“Teaching should not be a life-threatening profession,” he told the crowd. “And educators should not need to be armed to feel safe in the classroom.”
Biden used the event as an opportunity to showcase his education agenda a day ahead of his reelection announcement.
Alongside first lady Jill Biden, U.S. Secretary of Education Miguel Cardona, and 2023 National Teacher of the Year Rebecka Peterson, Biden applauded teachers for navigating a challenging educational environment and thanking them for their hard work.
Peterson said teachers “are fueled by the equalizing power of public education to dismantle marginalization, eliminate systemic inequities, and end generational poverty.”
Teachers at the event said they’d like to see raises in teacher pay to make up for high costs of living and the increasing demands of the profession. They also want to see more support for LGBTQ+ students and an end to gun violence.
“From my students, I promised them that if I talked to anybody today that was important I would say trans rights,” Danielle Charbonneau, the Massachusetts teacher of the year, said in an interview after the event.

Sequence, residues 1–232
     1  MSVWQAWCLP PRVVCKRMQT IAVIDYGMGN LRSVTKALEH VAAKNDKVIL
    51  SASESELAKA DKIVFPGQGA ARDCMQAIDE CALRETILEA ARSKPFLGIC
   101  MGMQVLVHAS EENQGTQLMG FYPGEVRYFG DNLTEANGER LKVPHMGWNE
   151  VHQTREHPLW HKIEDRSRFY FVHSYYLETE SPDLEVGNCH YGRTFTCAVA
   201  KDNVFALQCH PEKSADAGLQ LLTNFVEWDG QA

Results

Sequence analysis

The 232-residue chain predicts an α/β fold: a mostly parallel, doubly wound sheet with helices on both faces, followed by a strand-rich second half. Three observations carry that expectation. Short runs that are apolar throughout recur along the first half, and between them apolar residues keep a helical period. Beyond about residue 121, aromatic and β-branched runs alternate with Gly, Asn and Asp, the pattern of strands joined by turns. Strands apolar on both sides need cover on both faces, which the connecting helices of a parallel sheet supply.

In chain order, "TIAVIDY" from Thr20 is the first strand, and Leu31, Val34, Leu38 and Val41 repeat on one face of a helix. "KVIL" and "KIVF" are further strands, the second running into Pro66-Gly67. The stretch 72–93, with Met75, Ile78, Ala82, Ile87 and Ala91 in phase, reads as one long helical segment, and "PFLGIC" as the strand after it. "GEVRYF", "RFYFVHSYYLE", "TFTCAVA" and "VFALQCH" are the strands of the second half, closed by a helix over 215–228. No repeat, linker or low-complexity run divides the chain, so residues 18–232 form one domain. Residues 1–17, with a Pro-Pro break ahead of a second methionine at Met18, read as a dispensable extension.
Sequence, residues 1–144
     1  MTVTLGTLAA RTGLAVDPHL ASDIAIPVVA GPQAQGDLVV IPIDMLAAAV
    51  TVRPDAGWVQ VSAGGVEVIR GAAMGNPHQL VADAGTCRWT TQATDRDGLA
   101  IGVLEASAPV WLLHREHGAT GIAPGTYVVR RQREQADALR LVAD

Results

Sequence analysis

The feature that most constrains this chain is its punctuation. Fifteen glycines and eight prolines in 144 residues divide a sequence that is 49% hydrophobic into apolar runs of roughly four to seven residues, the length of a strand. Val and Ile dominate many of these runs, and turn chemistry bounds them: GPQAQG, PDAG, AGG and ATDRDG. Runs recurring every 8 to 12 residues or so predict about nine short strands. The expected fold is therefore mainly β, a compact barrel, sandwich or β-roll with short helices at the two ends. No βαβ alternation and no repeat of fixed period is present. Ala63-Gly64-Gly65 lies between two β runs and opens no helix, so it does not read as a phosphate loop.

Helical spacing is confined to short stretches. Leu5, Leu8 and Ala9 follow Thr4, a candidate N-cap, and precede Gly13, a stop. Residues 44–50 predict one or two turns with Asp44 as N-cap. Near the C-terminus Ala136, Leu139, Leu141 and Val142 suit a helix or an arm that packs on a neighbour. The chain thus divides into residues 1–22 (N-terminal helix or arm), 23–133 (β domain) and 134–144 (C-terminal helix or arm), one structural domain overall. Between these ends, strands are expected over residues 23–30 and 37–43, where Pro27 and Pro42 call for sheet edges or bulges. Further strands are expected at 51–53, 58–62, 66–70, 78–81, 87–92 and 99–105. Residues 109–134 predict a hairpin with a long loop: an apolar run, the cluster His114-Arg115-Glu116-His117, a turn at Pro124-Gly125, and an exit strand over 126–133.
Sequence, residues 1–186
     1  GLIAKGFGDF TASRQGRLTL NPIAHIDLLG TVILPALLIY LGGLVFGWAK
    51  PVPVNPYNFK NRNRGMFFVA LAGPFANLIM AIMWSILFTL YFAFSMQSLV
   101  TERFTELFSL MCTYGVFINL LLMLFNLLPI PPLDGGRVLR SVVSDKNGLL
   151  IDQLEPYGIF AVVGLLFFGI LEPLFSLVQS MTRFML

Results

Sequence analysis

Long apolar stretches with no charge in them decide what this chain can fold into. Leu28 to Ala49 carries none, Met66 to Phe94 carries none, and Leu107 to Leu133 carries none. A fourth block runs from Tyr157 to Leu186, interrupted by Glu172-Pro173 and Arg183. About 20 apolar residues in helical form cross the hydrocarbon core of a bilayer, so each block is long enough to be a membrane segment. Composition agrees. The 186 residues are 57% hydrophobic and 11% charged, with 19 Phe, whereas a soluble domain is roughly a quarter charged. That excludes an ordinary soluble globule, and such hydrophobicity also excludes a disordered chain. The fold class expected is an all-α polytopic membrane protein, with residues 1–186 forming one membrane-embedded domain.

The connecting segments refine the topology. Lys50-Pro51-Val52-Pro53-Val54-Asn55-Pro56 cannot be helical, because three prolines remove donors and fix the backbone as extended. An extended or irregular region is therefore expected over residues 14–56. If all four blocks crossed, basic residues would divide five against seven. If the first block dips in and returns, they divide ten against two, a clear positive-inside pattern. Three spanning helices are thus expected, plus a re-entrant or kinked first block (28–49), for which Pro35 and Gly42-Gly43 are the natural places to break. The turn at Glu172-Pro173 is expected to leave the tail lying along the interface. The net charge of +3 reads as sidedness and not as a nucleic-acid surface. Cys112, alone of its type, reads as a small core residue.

The teachers said the ceremony was a boost of confidence for the profession, noting they’re happy to have multiple educators in the White House with Jill Biden and second gentleman Doug Emhoff, who teaches at Georgetown University.
The president’s speech was his first major address this year focused on education. He made school safety, specifically gun control, a primary focus. Biden also criticized book bans and a GOP budget proposal that would effectively cut funding for education and other programs. And he called for support for LGBTQ+ students.
Can School Board Members Block Constituents on Social Media? The High Court Will Weigh In
No question, relations between school board members and their constituents have become more acrimonious. What is up for debate is whether board members have to subject themselves to critics’ comments on their personal social media accounts.
The U.S. Supreme Court has agreed to wade into that sticky issue in the case of two local board members who blocked two parents from their personal Facebook and Twitter sites for allegedly spamming them with repetitious comments.
Citing the First Amendment, the parents sued the board members, and, so far, two lower courts have sided with the parents, ruling that since the board members’ social media pages included board business, blocking some constituents amounted to government action. The federal appellate court found that the board members “clothed their pages in the authority of their offices and used their pages to communicate about their official duties.”